Death in Venice Hardcover – Jun 2004
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About the Author
German essayist, cultural critic, and novelist, Thomas Mann was awarded the Nobel Prize in Literature in 1929. Among his most famous works are Buddenbrooks, published when he was just twenty-six, The Magic Mountain, and Doctor Faustus.
Top Customer Reviews
However, recent analysis and information helps us understand that he struggled with what today we diagnosis as pedophilia.
The story is not about homosexuality per se, but is about the attraction of an older man for a prepubescent boy. Based on Mann's own attraction to a 10 year old, Wladyslaw Moes. This is supported by his journals and his wife's writtings. He changed the age in the story to 14 to lessen the social condemnation of the book.
Pedophilia does horrible things to the victims. The damage to the psyche of the victims is enourmous. Many in the field think that recovery is often impossible. Children must be protected until they are able to decide and protect themselves. Part of that protection comes from not glorifing a destructive instinct under the cover of artistic expression.
Despite his great talent, Mann must be understood for what he was. This book should be judged not just on its writing but on its theme, which by all standards is illegal.
It is difficult to give a Nobel Prize winner one star, but it is what this book deserves. Should not be banned but should be avoided.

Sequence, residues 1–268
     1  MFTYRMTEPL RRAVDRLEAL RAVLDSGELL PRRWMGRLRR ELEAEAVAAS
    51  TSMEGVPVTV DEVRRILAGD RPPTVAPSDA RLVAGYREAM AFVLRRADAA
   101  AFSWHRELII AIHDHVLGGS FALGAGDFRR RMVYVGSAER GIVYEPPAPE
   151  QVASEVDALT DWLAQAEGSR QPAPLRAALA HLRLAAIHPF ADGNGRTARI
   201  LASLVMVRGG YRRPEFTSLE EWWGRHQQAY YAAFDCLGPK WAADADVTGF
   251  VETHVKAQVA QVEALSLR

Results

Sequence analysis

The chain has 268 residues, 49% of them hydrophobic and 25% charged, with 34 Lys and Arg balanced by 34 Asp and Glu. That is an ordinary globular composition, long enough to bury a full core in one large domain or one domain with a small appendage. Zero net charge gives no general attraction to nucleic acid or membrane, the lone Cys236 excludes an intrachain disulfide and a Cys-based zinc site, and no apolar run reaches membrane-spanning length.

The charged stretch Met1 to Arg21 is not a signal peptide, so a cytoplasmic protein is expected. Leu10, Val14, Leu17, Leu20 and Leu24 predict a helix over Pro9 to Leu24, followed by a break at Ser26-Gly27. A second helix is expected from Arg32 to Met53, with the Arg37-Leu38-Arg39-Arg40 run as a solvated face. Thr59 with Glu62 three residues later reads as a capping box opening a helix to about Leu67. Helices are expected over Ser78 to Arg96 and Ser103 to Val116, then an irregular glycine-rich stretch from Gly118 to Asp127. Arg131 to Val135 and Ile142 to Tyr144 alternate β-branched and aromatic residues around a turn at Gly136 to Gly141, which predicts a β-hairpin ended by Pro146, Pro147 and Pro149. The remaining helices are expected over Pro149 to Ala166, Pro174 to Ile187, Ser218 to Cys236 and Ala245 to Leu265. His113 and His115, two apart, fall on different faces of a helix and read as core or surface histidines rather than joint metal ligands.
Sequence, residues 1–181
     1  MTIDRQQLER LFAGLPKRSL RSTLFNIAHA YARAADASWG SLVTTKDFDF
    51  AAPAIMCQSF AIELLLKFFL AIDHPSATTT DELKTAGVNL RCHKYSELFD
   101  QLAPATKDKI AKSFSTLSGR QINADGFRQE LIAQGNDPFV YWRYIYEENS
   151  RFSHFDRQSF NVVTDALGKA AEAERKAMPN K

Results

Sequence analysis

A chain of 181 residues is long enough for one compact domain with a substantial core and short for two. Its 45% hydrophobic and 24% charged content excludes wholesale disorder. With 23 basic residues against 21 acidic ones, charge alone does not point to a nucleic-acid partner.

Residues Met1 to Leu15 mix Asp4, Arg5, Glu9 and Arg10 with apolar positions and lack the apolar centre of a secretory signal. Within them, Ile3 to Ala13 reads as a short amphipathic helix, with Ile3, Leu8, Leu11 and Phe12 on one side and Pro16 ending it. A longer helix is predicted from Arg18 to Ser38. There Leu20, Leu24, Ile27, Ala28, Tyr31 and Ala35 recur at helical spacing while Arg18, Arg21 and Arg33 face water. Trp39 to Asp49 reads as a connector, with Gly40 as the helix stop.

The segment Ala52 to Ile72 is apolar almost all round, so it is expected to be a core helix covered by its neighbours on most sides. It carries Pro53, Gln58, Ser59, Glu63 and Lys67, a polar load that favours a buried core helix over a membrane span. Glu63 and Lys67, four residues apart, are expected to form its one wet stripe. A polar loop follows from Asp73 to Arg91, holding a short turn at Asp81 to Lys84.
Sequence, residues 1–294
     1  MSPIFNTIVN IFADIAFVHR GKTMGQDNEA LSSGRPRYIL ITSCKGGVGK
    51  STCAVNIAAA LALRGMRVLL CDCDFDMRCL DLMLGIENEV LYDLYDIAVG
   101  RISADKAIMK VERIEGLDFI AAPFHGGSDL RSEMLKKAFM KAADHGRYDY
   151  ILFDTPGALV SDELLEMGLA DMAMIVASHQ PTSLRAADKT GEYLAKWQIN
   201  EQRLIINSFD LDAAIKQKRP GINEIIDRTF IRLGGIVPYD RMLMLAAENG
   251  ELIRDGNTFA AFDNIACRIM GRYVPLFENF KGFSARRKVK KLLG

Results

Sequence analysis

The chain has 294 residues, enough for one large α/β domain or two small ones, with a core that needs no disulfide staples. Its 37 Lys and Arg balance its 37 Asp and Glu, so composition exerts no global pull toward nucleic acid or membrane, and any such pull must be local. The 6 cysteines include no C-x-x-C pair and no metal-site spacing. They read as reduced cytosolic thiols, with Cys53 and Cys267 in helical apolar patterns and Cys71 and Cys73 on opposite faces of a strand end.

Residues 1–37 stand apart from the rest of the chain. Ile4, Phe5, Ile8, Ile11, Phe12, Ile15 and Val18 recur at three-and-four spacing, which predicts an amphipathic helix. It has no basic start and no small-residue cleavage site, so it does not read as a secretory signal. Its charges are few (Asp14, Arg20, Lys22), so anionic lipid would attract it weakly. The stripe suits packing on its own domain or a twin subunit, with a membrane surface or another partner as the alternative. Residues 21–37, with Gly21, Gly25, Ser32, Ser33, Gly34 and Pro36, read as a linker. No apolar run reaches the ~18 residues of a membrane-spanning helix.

But since then we've had Will and Grace and countless gay characters, mostly minor, in films and on TV--and one of the great things is that it's okay to laugh about it all. Even at what we in the community used to call tragic and sometimes in our bitchier moments still do. This translation invites us to smile, and even occasionally howl. By giving Aschenbach an obsession with the Greek gods (toward the end he uses the words god and godlike about a dozen times in two pages), Mann not only shows us what was required at the time as a good alibi or cover for homosexual tendencies (not even "identities")--"classical culture" and "noble classicism" and so on: everything that involved nude boys and swimming hole frolics and attention served to youth and beauty in young beauties--but also gave us in the future (inadvertantly, I don't know, since I don't read German) the keys to understanding a period in which so-called bourgeois culture needed its literature and high art to justify the ancients' curious sexual habits. An almost neurasthenic obsession with youth and health and beauty being an ironic side feature of cultured life.Read more ›
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